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ch 12

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BLG 151
Margaret Buckby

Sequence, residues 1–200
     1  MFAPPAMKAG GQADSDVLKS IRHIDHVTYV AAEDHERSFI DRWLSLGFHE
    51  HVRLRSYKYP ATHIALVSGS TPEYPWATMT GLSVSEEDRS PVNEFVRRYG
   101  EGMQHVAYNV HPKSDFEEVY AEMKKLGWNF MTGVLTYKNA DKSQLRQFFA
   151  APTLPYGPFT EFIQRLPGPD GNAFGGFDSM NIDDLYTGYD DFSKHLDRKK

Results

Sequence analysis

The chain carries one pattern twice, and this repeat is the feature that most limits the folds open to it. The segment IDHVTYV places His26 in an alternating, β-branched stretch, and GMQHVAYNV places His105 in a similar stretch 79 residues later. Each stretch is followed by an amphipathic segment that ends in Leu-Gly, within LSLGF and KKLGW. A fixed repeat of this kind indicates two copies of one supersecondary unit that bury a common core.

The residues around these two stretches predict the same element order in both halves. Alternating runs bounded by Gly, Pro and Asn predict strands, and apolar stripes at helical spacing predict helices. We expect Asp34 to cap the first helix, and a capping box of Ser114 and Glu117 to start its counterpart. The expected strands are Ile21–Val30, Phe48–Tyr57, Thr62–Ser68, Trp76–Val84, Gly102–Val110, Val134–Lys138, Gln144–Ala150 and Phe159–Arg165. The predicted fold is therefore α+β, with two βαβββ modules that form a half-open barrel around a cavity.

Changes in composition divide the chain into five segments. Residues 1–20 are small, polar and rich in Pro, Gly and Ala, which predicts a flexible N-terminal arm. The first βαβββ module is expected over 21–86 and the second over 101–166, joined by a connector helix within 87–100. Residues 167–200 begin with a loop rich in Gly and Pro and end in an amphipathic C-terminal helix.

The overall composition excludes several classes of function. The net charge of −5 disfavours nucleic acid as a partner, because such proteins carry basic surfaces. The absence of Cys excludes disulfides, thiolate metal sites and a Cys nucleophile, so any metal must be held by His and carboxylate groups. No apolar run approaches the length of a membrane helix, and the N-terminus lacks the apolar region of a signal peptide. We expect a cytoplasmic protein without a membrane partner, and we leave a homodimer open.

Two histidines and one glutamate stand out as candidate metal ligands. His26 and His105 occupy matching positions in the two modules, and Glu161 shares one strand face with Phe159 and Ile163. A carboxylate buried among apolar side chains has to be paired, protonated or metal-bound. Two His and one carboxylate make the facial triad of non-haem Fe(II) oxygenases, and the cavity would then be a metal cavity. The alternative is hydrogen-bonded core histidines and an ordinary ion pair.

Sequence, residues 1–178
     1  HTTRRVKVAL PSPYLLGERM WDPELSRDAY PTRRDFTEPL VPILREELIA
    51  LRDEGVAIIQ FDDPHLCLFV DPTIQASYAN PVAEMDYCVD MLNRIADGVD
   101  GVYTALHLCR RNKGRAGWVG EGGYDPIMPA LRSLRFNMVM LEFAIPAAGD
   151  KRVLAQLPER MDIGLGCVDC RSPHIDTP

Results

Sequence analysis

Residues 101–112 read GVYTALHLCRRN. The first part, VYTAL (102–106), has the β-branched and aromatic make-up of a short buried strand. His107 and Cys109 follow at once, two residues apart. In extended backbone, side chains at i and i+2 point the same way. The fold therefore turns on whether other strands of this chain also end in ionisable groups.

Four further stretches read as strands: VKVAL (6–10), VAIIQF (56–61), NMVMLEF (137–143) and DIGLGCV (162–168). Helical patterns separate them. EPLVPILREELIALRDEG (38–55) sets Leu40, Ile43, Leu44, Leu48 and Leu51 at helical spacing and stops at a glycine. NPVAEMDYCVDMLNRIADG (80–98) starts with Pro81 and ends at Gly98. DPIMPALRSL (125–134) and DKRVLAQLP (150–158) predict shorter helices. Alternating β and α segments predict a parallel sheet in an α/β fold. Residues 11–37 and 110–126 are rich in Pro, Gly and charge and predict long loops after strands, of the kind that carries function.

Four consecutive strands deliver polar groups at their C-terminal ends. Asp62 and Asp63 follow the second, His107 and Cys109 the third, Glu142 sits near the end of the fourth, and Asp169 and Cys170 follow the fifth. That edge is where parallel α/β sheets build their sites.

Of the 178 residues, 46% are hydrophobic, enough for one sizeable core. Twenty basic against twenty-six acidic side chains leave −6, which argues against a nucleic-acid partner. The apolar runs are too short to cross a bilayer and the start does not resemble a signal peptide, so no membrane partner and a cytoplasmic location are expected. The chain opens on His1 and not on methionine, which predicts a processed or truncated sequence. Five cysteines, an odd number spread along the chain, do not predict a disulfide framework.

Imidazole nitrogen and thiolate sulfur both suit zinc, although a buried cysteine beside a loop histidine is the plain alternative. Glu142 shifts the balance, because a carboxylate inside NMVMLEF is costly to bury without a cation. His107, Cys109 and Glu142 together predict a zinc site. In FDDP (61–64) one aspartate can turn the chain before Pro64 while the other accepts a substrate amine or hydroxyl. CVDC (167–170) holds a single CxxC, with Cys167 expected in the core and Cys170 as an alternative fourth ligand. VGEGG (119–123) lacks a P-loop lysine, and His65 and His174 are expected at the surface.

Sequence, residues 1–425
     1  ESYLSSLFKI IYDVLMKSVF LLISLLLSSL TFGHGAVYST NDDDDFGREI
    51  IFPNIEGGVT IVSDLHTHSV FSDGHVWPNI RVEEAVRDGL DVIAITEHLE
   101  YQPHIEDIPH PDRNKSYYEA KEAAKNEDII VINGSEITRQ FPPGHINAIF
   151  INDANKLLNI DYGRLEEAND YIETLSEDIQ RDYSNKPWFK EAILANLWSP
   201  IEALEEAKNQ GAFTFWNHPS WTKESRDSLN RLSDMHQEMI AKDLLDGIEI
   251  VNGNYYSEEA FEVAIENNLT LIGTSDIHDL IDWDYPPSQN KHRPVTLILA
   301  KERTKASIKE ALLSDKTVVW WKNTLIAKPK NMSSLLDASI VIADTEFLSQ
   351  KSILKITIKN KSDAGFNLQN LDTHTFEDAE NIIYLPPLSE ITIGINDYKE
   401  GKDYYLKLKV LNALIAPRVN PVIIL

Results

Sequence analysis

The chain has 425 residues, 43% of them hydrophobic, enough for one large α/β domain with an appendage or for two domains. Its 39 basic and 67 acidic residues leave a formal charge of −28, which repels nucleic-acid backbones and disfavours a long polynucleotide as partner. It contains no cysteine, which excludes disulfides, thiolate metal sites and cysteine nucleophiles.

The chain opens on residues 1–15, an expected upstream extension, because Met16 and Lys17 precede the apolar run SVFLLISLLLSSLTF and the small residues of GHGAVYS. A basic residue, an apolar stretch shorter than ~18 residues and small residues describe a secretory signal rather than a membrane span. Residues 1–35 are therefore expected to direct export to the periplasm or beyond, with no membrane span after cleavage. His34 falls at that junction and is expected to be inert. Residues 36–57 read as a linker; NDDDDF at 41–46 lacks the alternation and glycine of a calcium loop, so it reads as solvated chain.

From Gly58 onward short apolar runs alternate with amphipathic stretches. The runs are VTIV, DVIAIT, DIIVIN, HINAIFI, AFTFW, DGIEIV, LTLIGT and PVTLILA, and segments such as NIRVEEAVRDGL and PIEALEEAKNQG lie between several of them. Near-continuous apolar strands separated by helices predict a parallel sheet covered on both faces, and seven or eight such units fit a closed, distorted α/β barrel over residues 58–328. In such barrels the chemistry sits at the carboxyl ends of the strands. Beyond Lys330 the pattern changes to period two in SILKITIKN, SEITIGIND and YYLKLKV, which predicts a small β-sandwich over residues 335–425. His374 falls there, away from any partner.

Chapter 12: Substance-Related Disorders The pathological use of substances falls into 2 categories o Substance abuse o Substance dependence presence of at least 3 of the following The person develops tolerance, indicated by larger doses of the substance being needed to produce the desired effect or the effects of the drug becoming markedly less if the usual mount is taken Withdrawal symptoms (negative physical and psychological effects when they stop taking it) The person uses more of the substance or uses it for a longer time than intended The person recognizes excessive use of the substance, he/she may tried to reduce usage but has been unable to do so Much of the persons time is spent in efforts to obtain the substance or recover from its effects Substance use continues despite psychological or physiological problems caused or exacerbated by the drug The person gives up or cuts back participation in many activities Substance dependence is diagnosed as being accompanied by physiological dependence (aka addiction) if either tolerance or withdrawal is present For less serious diagnoses of substance abuse, the person must experience 1 of the following as a result of recurrent use of the drug o Failure to fulfill major obligations o Exposure to physical dangers o Legal problems o Persistent social or interpersonal problems Substance intoxication: ingestion of a substance affects the CNS and produces maladaptive cognitive and behavioural effects If a person addicted to a drug is denied it and then experiences withdrawal, the person receives a diagnoses of both substance dependence and substance withdrawal Alcohol Abuse and Dependence Alcoholic doesnt have a precise meaning Alcohol abuse: used to refer to both aspects of excessive and harmful use of alcohol Alcohol dependence: may include tolerance or withdrawal reactions (people who are physically dependent on alcohol) In withdrawal the person is often anxious, depressed, weak, restless and unable to sleep C h a p t e r 1 2 : S u b s t a n c e R e l a t e d D i s Page 14 r s Delirium tremens (DTs): when the level of alcohol in the blood drops suddenly the person has hallucinations (happens when a person has been drinking for a number of years). They may feel like spiders are crawling on them, feel feverish, disoriented and terrified The person who abuses alcohol, in contrast to the person physically dependent on it, experiences negative social and occupational effects from the drug but does not show tolerance, withdrawal, or the compulsive drinking patterns seen in the person who is alcohol dependent Alcohol abuse or dependence is often part of polydrug abuse using or abusing more than one drug at a time o Alcohol serves as a cue for smoking; smoking is 2x as frequent in situations where a person is also drinking o Comorbid with nicotine because nicotine can induce tolerance for the rewarding effects of alcohol and vise versa o These cause problem because drugs taken together are synergistic the effects of each combine to produce an especially strong reaction Prevalence of Alcohol Abuse and Comorbidity with other disorders Prevalence 20% for men and over 8% for women declines with age Problem drinking is comorbid with mood and anxiety disorders and with other drugs use and schizophrenia Its a factors in 25% of suicides Course of the Disorder The histories of alcohol dependent people do show a progression from alcohol abuse to alcohol dependence but data shows considerable fluctuations in drinking patterns from heavy drinking from some periods of time to abstinence or lighter drinking at others Heavy use of alcohol may be restricted to weekends or long periods of abstinence may be interspersed with binges of continual drinking for several weeks There is no single pattern of alcohol abuse This Jellineks account doesnt apply to women. For women the interval between the onset of heavy drinking and alcohol abuse is briefer than it is for men Women with drinking problems tend to be steady drinkers who drink alone and are more unlikely than men to binge Costs of Alcohol Abuse and Dependence Alcohol abuse is the 4 leading cause of worldwide disability than the use of tobacco or illegal drugs Problem drinkers use health services 4x more than do non abusers, and their medical expenses are twice as high as those of non drinkers Alcohol is associated with many problems, deaths, assaults and accidents Short-term effects of Alcohol Alcohol is metabolized by enzymes after being swallowed and reaching the stomach C h a p t e r 1 2 : S u b s t a n c e R e l a t e d D i s oPage 14r s Most goes to the small intestines and is broken mostly by the liver (which can metabolize about 50%/hour) The excess quantities stay in the bloodstream Absorption of alcohol is rapid but removal is always slow The effects of the drug vary with the level of concentration of the drug in the bloodstream, which in turn depends on the amount ingested in a particular period of time, the presence or absence of food in the stomach to retain the alcohol and reduce its absorption rate, the size of a persons body and the efficiency of the liver It has biphasic effect which means the initial effect of alcohol is stimulating the drinker experiences an expansive feeling of sociability and well-being as the blood-alcohol levels rises- but after the blood- alcohol level peaks and begins to decline, alcohol acts as a depressant that may lead to negative emotions Motor coordination, balance, speech, and vision is also impaired Large doses can cause sedation, sleep and even death Alcohol stimulates GABA receptors, which may be responsible for reducing tension, it also increases the level of serotonin and dopamine (pleasurable effects) Alcohol also inhibits glutamate receptors; which may cause the cognitive effects of alcohol intoxication (slurred speech and memory loss) People who actually drink alcohol also report increased sexual arousal, even though alcohol actually lowers physiological arousal (which may be caused by cognition) Long-term effects of Prolonged Alcohol Abuse Almost every tissue and organ of the body is affected adversely by prolonged consumption of alcohol malnutrition may be severe In older chronic alcohol abusers, a deficiency of B-complex vitamins can cause amnestic syndrome, a severe loss of memory for both recent and long-past events Cirrhosis (some liver cells become engorged with fat and protein, impeding their function; some cells die- triggering the inflammatory process) of the liver is caused by prolonged alcohol use with reduced protein Damage to the endocrine glands and pancreases, heart failure, hypertension, stroke, and capillary haemorrhages, which are responsible for the swelling and redness in the face (nose) Prolonged use of alcohol appears to destroy brain cells Reduces effectiveness of the immune system and increases susceptibility to infection and cancer Womens risk of breast cancer increases steadily with drinking Heavy alcohol during pregnancy causes mental retardation (the growth of the fetus is slowed, and cranial ,facial and limb abnormality are produced) -- fetal alcohol syndrome Some say that light amounts of alcohol may actually have its physiological gains but its still a controversy C h a p t e r 1 2 : S u b s t a n c e R e l a t e d D i s o Page 14 s